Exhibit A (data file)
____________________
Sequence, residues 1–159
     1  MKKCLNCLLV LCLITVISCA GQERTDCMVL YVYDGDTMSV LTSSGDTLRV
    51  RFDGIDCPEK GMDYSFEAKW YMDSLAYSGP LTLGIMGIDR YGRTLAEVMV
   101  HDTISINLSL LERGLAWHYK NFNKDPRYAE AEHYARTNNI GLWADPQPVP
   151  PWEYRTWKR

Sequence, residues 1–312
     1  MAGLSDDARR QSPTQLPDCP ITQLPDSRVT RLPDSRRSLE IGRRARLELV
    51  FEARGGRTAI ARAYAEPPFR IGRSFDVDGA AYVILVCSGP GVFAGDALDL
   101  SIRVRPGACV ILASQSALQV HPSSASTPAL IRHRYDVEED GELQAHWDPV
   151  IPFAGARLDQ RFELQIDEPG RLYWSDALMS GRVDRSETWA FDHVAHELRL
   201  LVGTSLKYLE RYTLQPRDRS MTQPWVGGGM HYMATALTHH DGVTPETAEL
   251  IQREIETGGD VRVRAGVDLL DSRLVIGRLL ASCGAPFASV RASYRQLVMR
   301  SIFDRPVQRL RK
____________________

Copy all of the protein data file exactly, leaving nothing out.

Sequence, residues 1–159
     1  MKKCLNCLLV LCLITVISCA GQERTDCMVL YVYDGDTMSV LTSSGDTLRV
    51  RFDGIDCPEK GMDYSFEAKW YMDSLAYSGP LTLGIMGIDR YGRTLAEVMV
   101  HDTISINLSL LERGLAWHYK NFNKDPRYAE AEHYARTNNI GLWADPQPVP
   151  PWEYRTWKR

Sequence, residues 1–312
     1  MAGLSDDARR QSPTQLPDCP ITQLPDSRVT RLPDSRRSLE IGRRARLELV
    51  FEARGGRTAI ARAYAEPPFR IGRSFDVDGA AYVILVCSGP GVFAGDALDL
   101  SIRVRPGACV ILASQSALQV HPSSASTPAL IRHRYDVEED GELQAHWDPV
   151  IPFAGARLDQ RFELQIDEPG RLYWSDALMS GRVDRSETWA FDHVAHELRL
   201  LVGTSLKYLE RYTLQPRDRS MTQPWVGGGM HYMATALTHH DGVTPETAEL
   251  IQREIETGGD VRVRAGVDLL DSRLVIGRLL ASCGAPFASV RASYRQLVMR
   301  SIFDRPVQRL RK